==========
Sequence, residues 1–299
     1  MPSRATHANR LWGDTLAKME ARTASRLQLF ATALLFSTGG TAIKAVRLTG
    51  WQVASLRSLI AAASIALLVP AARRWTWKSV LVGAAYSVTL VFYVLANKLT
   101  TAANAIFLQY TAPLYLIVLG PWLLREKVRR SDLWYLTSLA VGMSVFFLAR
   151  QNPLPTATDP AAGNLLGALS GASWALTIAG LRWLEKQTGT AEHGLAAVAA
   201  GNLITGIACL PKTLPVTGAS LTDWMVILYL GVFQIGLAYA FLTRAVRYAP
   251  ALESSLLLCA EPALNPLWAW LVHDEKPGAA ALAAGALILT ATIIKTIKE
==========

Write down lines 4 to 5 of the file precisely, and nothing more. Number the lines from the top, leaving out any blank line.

   101  TAANAIFLQY TAPLYLIVLG PWLLREKVRR SDLWYLTSLA VGMSVFFLAR
   151  QNPLPTATDP AAGNLLGALS GASWALTIAG LRWLEKQTGT AEHGLAAVAA